Fat consumption what exactly are you putting into your bodyScience 

Fat consumption: what exactly are you putting into your body?

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When discussing diets or the latest fad, you will often hear someone express their concern at how much fat they are consuming as part of their normal everyday diet. Obviously an overconsumption of fat can have negative effects on our health, but where exactly is the point at which we tip the balance?

It is important to note that most balanced diets put forward by nutritionists contains some fat, usually around 20% of your intake or less. This is because fat is essential to our bodies – in moderation. Our body is unable to produce fatty acids, which are integral to continued and maintained system health; as a result we have to consume them in the form of fats. On top of this, fat also helps with the absorption of vitamins A, D and E, which wouldn’t be able to be integrated into our bodies without it.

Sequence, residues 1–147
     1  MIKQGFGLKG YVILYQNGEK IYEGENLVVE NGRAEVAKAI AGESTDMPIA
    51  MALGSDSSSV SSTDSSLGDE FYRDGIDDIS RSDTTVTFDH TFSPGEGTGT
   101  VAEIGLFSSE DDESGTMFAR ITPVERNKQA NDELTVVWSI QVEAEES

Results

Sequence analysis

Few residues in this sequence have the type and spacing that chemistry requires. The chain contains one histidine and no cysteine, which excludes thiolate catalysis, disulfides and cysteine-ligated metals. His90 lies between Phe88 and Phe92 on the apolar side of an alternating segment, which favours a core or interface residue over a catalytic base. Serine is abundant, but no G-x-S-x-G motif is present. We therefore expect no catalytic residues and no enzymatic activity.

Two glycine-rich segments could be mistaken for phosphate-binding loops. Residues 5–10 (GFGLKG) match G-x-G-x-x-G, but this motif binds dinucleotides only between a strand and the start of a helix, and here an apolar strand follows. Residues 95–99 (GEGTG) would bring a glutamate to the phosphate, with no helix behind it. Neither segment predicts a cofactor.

However, this is where the benefit stops. Any fat that remains unused by our body’s energetic needs is then stored as body fat, likewise for excess carbohydrate and protein. Overconsumption as it refers to our dietary needs is one of the prime reasons for mounting obesity levels and related health issues. The high prevalence of sugars and fats in many of the processed foods we eat also ensure that we are putting more energy in our bodies than we are able to expend.

pizza contains some of the major sources of saturated fats
Pizza contains some of the major sources of saturated fats; cheese, meat and grain. So tasty…

So what can we do about it? Eating a healthy, balanced diet coupled with daily exercise continues to be the best option. Making small adjustments such as cutting out processed foods and eating more fresh produce that we cook ourselves can have a huge impact on your body – especially if you follow this up with a simple exercise routine.

Watching what you eat, especially when it comes down to fats is also very important, as we also need to remember that there are many different types of fat as well, all with their own properties and abilities. Two of the main forms of fat found in our food are saturated and unsaturated fat. The latter is the healthier of the two, and most nutritionists will recommend you cut the former along with trans fats and/or polyunsaturated fats from your diet if you are looking to become more healthy. This is because unsaturated fats are easier to break down than the rest, and therefore a lot more likely to be used by our bodies.

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